He wasn’t. He had the scars from last year’s shoulder surgery and the opinions of his world-class doctor to prove it.
He’d still fought back to the number-two ranking after his surgery but it had been freaking hard work, and lately he could feel the downhill slide starting. Didn’t matter how hard he worked, his shoulder was never going to be as good as new. Worse, he could feel it starting to go again. It had been agony after his last few matches. And screw being the guy desperately trying to hold onto former glory.
He’d seen too many guys do that in his time on the tour. It never worked.
So he’d decided to bow out.
Liam rolled his eyes. “Well, at least we can bring you up to date on music this weekend.”
Caleb nodded, hoping his sudden lack of enthusiasm for the idea of being surrounded by so many people didn’t show. “Looking forward to a couple of quiet nights before then. Not sure I’ve caught up on what time zone I’m in since I got back from London.” Jet lag was a reasonable explanation for the fact he hadn’t been sleeping well. It just wasn’t the actual explanation.
“Don’t tell me you’re getting boring in your old age.”
“Boring is better than eventful right now.”
“You can’t hide forever. Besides, between that cap, your sunglasses, and that lame beard, no one’s going to easily recognize you.”
“My beard is not lame.” He’d been growing the beard for only two weeks—since his announcement in fact. Part of his fool-the-press attempts. So far it hadn’t actually fooled anyone. It just looked scruffy. And it itched. He was nearly ready to give up and shave.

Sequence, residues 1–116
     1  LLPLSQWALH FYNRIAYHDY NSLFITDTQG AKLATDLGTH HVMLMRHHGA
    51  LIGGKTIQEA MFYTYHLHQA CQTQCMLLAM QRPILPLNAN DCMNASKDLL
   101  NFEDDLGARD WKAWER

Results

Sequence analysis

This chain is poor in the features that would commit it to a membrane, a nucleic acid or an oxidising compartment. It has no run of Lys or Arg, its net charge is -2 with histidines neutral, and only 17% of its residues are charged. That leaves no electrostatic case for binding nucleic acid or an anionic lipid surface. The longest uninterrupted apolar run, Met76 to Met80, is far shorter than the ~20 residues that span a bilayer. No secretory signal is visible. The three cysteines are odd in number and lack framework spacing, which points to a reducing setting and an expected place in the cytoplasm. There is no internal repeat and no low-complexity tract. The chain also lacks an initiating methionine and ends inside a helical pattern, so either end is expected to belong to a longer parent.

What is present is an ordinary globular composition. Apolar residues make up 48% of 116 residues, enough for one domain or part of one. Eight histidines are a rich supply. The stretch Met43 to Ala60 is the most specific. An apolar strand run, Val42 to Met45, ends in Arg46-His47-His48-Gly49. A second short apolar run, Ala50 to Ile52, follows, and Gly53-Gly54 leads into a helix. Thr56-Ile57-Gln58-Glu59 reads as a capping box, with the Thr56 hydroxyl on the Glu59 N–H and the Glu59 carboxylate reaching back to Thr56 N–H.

Liam rolled his eyes. “Hipster is not your look. Stick to all-American.”
“You’re more hipster than me.” Liam had grown his dark hair out to nearly shoulder length. That had to be annoying as hell to deal with all day but apparently it worked for Liam. He never lacked female company. Girls apparently liked long hair. Of course, Liam was a pretty son of a bitch, so that helped.
“Maybe, but on me it looks good. Ginger whiskers aren’t cool.”
“My beard isn’t ginger.”
“It’s ginger in bits.” Liam rubbed a hand over his own smooth chin. “Gingers don’t get the girls.”
“Your beard isn’t.”
“I’m also not here to get the girls.” He thought again about the girl near the ferry and that smile. Well, maybe if she crossed his path again he might be interested. Perhaps an island fling would be just what the doctor ordered to distract him from life without tennis.
“Why the hell not? You’re retired. Time to live a little. Don’t tell me you’re getting cold feet. You can’t be missing getting up at dawn to train and eating rabbit food.”
“No.” He definitely didn’t want to go back to his old life. Though he still kept waking up before six a.m. Apparently the habits of a lifetime were hard to break.
“Good. So it’s time to get with the program. And the program while we’re here is good music, good booze, and pretty girls. You can figure out the meaning of life and Caleb 2.0 later.”
Liam had a point. And, more important, Caleb didn’t have a better plan right now. So maybe it was just time to let the fuck go and see what the hell happened.